This year’s French Film Festival begins with L’homme sur les quais / The Man by the Shore. Haitian filmmaker Raoul Peck, who later went on to become the nation’s Minister of Culture, directed this drama that examines the violence and instability of his country’s darkest days, the 60s. The story follows an 8-year old girl, whose parents had to flee from the dictator Duvalier and the Tontons Macoutes. Left in the care of her grandmother, she creates a fantasy world of her own to escape the violence and tyranny that surrounds her. [In French with English subtitles.]
The French Film Festival 2019 continues on
❖ Feb. 11 with L’homme sur les quais (The Man by the Shore) (1993) by Raoul Peck.
In French and Kreyol with English subtitles. 106 mins.
❖ Feb. 18 , at 7 p.m.: with short film Maman(s)/Mothers(s) (2015) by Maïmouna Doucouré.
In French and Wolof with English subtitles. 21 mins.
Feb. 18 , at 7 p.m. (following Maman(s)): Tomboy (2011) by Céline Sciamma (Water Lilies, Girlhood)
In French with English subtitles. 82 mins.
❖ Feb. 25 with Polina, dansersa vie (Polina) (2015) by Angelin Preljocaj and Valérie Müller.
In Russian and French with English subtitles. 108 mins.
Merudjina Normil ’19 explores the work of Senegalese women filmmakers and the lives of Senegalese migrants and Afro-French people in Paris
“After an amazing abroad experience in Dakar, Senegal researching the place of women in film, I wanted to push my research towards a different francophone context with the same subject. Thanks to the Marguerite W. Friedberg Award, I could afford to conduct research on Afro-French and Franco-Senegalese women filmmakers in Paris to see if/how they
Julian Smedley ’19 researches immigrant cuisine in Paris: how it is regarded, and how it tastes (c’est délicieux!)
“There is clearly a difference between how the average “Français de souche” conceives of immigrant cuisine and how French chefs do so. The conception of immigrant cuisine as lower class means that immigrant restaurants have to price lower to bring in customers. This is unfortunate, as the soft, delicate cockles I ate at Le Grand Bol far surpassed the tough, greasy and more expensive escargot I ate at a French bistro the next day.”
The Goûter, a very traditional sweet meal between lunch and dinner, was organized by the French TAs and the French Club. It took place on Sunday, 14th of October in the third floor of Hollander. The students have had the chance to taste pastries from France: pain au chocolat, croissants, macarons, and other pâtisseries.
Ryan Buggy ’19 meets Les Sweet Simones and La Big Bertha: a study of the fascinating world of the neo-burlesque
“The time that I spent in Paris going to burlesque shows and meeting artists helped me understand the power of this genre of performance. Burlesque is a tool of empowerment: performers and audiences alike get to experience a space where different bodies and sexualities are applauded, and where artists can engage with subjects as complex as misogyny, racism, and homophobia in comical yet critical ways. At a neo-burlesque show, you will meet mothers, survivors, queer people, and other diverse performers who take to the stage and undress not only their clothing but also the bigotry and challenges they face in their everyday lives. It is an international art; burlesque was born in the Parisian cabaret, but resurrected in New York only to travel back across the ocean to French stages.”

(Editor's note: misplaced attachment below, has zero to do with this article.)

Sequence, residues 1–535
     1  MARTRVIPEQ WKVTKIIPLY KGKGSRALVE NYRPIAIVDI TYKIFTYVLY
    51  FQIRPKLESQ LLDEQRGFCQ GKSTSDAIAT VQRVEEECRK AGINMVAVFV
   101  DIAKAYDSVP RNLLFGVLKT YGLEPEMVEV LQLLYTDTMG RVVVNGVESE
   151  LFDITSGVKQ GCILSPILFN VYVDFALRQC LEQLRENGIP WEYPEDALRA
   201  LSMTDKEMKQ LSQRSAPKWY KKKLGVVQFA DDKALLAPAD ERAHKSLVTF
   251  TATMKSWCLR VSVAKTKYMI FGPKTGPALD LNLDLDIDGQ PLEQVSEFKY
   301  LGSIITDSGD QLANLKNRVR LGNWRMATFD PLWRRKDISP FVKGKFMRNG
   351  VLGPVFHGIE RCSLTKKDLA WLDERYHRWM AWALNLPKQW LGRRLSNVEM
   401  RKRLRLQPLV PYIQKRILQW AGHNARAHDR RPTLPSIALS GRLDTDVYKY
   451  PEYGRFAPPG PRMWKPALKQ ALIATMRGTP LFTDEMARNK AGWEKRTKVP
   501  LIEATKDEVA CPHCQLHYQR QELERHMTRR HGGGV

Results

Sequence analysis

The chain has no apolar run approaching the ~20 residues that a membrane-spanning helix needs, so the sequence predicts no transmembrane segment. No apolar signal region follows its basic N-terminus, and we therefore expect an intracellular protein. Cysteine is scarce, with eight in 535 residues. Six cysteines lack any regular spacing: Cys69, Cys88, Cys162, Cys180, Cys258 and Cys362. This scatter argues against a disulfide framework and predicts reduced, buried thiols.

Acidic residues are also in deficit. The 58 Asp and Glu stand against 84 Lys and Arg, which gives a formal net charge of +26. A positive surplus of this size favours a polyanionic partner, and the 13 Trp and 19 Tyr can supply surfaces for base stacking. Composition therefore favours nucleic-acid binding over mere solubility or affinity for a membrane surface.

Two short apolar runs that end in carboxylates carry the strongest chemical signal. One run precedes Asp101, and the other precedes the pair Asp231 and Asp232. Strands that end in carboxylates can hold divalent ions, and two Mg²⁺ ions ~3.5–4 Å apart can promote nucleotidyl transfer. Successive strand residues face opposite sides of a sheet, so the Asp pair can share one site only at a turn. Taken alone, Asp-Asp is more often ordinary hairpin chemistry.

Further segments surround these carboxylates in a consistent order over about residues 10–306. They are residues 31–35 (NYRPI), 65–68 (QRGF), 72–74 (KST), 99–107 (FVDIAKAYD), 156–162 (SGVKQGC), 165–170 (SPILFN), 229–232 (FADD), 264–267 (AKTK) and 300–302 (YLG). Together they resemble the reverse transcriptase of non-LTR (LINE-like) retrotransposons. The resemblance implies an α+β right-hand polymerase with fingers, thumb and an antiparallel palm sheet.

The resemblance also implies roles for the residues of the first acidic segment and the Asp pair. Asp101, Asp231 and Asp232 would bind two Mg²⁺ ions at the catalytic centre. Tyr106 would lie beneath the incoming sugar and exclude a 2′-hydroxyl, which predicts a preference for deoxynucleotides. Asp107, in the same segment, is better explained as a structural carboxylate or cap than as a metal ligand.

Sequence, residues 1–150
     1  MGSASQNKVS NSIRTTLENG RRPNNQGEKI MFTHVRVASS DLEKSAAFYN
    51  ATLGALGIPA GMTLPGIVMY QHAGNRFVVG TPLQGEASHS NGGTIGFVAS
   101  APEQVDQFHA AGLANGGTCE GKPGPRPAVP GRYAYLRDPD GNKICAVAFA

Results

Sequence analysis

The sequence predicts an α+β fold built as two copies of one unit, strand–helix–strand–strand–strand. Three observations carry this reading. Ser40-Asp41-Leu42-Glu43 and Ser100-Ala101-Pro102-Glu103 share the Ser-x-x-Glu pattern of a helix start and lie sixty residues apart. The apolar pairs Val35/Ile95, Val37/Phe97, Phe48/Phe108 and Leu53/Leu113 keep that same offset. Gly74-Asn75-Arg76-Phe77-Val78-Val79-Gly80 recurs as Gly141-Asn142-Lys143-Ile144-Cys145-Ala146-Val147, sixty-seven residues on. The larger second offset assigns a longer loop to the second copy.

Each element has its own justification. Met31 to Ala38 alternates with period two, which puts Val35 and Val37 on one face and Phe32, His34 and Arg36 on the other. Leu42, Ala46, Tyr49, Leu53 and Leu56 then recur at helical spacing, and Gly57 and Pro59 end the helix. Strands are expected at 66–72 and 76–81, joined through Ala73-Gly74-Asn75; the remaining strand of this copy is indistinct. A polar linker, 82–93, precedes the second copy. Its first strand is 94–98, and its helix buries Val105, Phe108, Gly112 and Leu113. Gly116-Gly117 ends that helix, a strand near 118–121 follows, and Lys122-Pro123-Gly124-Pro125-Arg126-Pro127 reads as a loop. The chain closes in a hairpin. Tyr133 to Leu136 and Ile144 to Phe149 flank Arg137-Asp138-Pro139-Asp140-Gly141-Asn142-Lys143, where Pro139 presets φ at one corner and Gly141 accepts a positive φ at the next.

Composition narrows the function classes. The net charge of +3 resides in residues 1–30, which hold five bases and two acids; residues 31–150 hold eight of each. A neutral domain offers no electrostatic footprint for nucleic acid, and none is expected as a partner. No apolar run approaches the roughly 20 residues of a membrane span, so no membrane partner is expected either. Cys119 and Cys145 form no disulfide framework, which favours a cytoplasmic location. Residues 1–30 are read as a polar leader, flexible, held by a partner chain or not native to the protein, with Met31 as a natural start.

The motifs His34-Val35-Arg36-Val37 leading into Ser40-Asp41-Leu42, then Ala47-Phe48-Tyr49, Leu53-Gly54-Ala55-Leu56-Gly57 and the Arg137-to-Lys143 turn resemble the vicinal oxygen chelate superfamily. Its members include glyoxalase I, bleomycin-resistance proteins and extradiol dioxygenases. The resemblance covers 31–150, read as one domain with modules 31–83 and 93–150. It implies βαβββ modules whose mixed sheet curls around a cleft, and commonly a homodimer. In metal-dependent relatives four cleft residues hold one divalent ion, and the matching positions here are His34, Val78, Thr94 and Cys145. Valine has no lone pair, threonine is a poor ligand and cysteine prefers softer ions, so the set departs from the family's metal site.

On Thursday, September 27, the French Game Night took place in Hollander 229 from 7 to 8:30 PM. Students sat at five tables with different card games on set up on each one of them: “Jungle Speed”, “Salade de Cafards”, “Taboo”, “La Bataille Corse” and “Le président”.
❖ Remembrance and Forgetting: The Great War in France
Susan McCready, University of Southern Alabama
October 10, Griffin 3, 6 PM
❖ German Society and Politics during the First Total War, 1914 – 1918
Raffael Scheck, Colby College
October 23, Griffin 3, 6:30 PM
I adored Mme. Legrée’s class. She was not as keen on smaller details and spoke a lot about her stylistic preferences. She also made sure that dance was good for our body. During my first class with her, she stopped the class to correct someone’s arabesque because their back was too squared. She asked why they would do that and half the class responded that they thought that was the goal. She was shocked and yelled “mais non! La danse est naturelle. Rien ne devrait être abnormal pour ton corps sauf le premier position.” Mme. Legrée also corrected me on stylistic things, particularly on how I do my pirouettes. With her class and Mr. David’s, I deduced that the purpose of the French style was to be as flowing as possible, particularly with their use of the arm. In plie, one changes the arm more than in other techniques. For pirouettes, Mme. Legrée would ask me to “wind up” in order to continue the movement. I made the same deduction in Mme. Kamionka’s course.
Alexia studied at the Sweet Briar College Junior Year in Paris.
I learned so much about the painters from the period surrounding the Avignon School by studying the works at the Petit Palais, and about the greater historical period by visiting the Papal Palace in Avignon. But part of the joy and benefit of getting the opportunity to be there in person was the ability to learn about things I had not known to attempt to research beforehand, and to experience a part of French culture I otherwise would have missed.